M.S. Menon, J.
1. The petitioner is the Malabar Industrial Co. Ltd. whim owns and manages the Skinnerpuram Estate, Elamannur. The 1st respondent is the Industrial Tribunal, Trivandrum, the 2nd, the State of Kerala and the 3rd, 'the Staff Members of the Skinnerpuram Estate represented by the Estate Staff Union of South India, Kottayam'.
2. The petitioner challenges the validity of the award of the Industrial Tribunal, Trivandrum, dated 31-1-1958, in Industrial Disputes No. 3 of 1955. One of the disputes referred for adjudication --the only dispute with which we are concerned--was :
'Whether the dismissal of the following members of the staff is justifiable? If not to what reliefs are the employees entitled?'
'1, Sri C.T. Thomas, Conductor. 2. Sri A.G. Cherian, Conductor. 3. Sri Joseph Mathe, Typist. 4. Kalis Pereira, Maistry. 5. Sri E-Ebey, Asst. Rubber-maker. 8. Sri C. Unnunny, Maistry. 7. SriP.M. Behanan, Maistry. 8. Sri P.C. Pappey, Watcher. 9. Sri Kunjukutty, Driver. 10. Sri T. Krishnan Nair, Accountant. 11. Sri Peter Pereira, Typist. 12. Sri V.E. Verghese Maistry. 13. Sri Bhaskara Pillai, Maistry'.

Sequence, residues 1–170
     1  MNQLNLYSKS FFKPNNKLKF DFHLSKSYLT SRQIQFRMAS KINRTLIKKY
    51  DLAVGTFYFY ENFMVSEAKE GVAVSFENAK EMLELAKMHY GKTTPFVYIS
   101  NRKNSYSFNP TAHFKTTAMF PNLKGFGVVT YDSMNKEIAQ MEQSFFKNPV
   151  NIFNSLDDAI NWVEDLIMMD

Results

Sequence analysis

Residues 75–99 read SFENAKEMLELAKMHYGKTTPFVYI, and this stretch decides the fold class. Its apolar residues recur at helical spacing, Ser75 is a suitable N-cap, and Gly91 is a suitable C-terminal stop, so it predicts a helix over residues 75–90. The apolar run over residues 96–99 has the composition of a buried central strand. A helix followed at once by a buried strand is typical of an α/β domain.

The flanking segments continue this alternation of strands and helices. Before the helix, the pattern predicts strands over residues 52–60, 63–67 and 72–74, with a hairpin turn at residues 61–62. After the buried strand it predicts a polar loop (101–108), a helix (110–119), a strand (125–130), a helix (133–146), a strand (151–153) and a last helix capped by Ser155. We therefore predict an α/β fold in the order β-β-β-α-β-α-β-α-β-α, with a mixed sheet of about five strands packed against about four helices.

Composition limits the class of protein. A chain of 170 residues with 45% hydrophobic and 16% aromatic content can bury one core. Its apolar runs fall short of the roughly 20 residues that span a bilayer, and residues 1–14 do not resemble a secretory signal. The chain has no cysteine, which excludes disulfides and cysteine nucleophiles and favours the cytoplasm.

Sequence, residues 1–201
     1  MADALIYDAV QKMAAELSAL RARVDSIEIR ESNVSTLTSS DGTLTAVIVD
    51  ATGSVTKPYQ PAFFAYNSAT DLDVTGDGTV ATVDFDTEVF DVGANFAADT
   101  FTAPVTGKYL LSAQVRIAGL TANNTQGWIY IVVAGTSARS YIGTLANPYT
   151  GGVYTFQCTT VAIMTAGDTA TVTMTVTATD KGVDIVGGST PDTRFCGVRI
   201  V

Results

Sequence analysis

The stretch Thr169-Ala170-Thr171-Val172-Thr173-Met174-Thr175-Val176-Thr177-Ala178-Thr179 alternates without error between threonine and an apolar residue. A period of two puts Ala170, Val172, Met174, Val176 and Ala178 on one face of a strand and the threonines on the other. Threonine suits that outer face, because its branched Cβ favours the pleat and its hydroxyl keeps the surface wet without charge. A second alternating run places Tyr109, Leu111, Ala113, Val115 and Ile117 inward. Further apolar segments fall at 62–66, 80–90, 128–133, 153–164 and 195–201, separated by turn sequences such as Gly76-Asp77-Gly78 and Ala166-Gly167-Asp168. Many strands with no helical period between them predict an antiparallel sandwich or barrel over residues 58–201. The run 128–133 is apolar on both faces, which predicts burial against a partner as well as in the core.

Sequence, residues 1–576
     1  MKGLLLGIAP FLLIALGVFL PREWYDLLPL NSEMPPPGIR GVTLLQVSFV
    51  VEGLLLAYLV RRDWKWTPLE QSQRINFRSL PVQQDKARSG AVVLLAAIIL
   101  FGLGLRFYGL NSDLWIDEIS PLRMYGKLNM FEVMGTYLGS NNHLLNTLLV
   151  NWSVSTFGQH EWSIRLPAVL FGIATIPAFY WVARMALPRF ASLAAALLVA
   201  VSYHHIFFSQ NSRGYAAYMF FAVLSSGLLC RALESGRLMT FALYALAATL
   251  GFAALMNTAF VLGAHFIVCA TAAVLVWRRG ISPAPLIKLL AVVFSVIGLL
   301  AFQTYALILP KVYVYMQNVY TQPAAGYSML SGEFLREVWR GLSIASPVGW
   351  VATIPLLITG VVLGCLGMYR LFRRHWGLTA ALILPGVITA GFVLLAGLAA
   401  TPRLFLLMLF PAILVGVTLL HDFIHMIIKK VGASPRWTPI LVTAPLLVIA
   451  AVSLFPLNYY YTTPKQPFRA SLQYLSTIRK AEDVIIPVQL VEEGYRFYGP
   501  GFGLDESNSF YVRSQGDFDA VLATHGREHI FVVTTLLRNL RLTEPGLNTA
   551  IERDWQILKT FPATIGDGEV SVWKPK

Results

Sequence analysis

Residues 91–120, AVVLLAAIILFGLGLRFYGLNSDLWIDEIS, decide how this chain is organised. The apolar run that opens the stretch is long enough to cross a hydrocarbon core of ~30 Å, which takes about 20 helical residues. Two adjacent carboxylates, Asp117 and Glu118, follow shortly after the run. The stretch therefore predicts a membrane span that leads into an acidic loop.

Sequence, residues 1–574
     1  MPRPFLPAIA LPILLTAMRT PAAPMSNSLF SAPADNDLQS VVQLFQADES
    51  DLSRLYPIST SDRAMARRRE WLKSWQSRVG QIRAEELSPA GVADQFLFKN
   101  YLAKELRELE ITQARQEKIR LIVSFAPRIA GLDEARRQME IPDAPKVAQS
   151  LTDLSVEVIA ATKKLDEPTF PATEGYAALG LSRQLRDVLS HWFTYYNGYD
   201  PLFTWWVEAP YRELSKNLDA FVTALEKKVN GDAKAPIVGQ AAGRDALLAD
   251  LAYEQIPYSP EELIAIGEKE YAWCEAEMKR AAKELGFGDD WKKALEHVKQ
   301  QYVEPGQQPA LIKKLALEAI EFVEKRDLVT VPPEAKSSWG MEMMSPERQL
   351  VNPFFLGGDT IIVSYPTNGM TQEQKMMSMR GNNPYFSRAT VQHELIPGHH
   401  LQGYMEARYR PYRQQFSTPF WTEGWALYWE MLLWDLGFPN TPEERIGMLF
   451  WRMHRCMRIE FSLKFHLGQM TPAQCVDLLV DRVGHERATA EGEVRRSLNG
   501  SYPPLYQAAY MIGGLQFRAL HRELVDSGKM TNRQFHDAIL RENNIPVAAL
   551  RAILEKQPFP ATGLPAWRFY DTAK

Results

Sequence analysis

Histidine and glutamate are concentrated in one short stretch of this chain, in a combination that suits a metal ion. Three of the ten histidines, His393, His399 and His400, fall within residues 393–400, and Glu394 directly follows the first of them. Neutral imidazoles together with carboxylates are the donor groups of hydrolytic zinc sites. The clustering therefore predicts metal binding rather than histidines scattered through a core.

3. The Tribunal passed an award on 27-3-(1957 and it was published in the Kerala Gazette dated 23-4-1957. The validity of that award was questioned before this Court in Malabar Industrial Co. Ltd. v. Industrial Tribunal, 1958 Ker LT 77: (AIR 1958 Kerala 202). Paragraph 1 of the judgment in that petition stated :
'We are satisfied that the only question that really arises for consideration is whether seven of the thirteen employees ordered to be reinstated by the Tribunal are workmen as defined in the Industrial Disputes Act, 1947, or not. The seven employees concerned are Nos. 1, 2, 4, 6, 7, 12 and 13 of the employees specified in issue No. 3, namely,